Refugee youth from Crawford High School recently completed a three-month, arts-based workshop on food justice that was run by The AjA Project as part of the media collaborative, Speak City Heights. During the final month of programming, students continued to look critically at the issue of food access by photographing, and comparing and contrasting the farmers market in City Heights with the one in Little Italy. They also interviewed parents and elders to get an inter-generational perspective on food security. Finally, they examined photographs in the media related to the famine in Africa and discussed what happens to a society when too many people are hungry.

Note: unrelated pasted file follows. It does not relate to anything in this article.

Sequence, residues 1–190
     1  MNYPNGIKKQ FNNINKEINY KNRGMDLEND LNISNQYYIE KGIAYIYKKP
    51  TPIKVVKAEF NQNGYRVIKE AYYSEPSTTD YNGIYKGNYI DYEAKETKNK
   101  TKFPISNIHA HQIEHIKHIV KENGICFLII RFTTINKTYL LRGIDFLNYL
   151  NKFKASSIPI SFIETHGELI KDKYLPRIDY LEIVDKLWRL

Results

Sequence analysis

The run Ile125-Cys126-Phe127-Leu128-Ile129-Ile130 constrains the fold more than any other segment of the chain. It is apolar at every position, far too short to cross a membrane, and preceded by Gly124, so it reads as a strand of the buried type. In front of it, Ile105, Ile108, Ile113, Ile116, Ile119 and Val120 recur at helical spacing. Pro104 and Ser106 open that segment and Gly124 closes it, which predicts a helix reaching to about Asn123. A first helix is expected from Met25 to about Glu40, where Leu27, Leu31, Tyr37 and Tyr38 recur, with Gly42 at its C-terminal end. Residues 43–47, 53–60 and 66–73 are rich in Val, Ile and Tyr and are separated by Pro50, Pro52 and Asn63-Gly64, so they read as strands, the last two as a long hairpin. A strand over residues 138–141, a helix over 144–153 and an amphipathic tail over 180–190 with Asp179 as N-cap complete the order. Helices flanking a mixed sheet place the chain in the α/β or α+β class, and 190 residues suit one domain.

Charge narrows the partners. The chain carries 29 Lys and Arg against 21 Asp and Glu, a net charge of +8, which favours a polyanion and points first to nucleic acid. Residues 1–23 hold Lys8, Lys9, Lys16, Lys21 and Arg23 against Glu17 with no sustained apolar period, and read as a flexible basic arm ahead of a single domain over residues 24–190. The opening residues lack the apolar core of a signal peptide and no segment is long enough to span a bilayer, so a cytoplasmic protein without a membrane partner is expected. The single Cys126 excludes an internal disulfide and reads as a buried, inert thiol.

Rhema, age 15, originally from Kenya, “For some people that were born eating fresh garden foods, [farmers markets are] a better way for them to continue with their farming, and it’s a good way for others to learn how to grow healthy food that have all nutrients.”
Meghaney, age 15, originally from Kenya, “You don’t see very many people who aren’t refugees at the farmers market [in City Heights]. A lot of Africans and Asians. But not many Americans.”
Meghaney, age 15, originally from Kenya, “I always thought all American food was healthy. It makes you fat so you’re healthy. Because in Africa, if you’re skinny, you’re not healthy. But if you’re fat, then they think you are healthy.”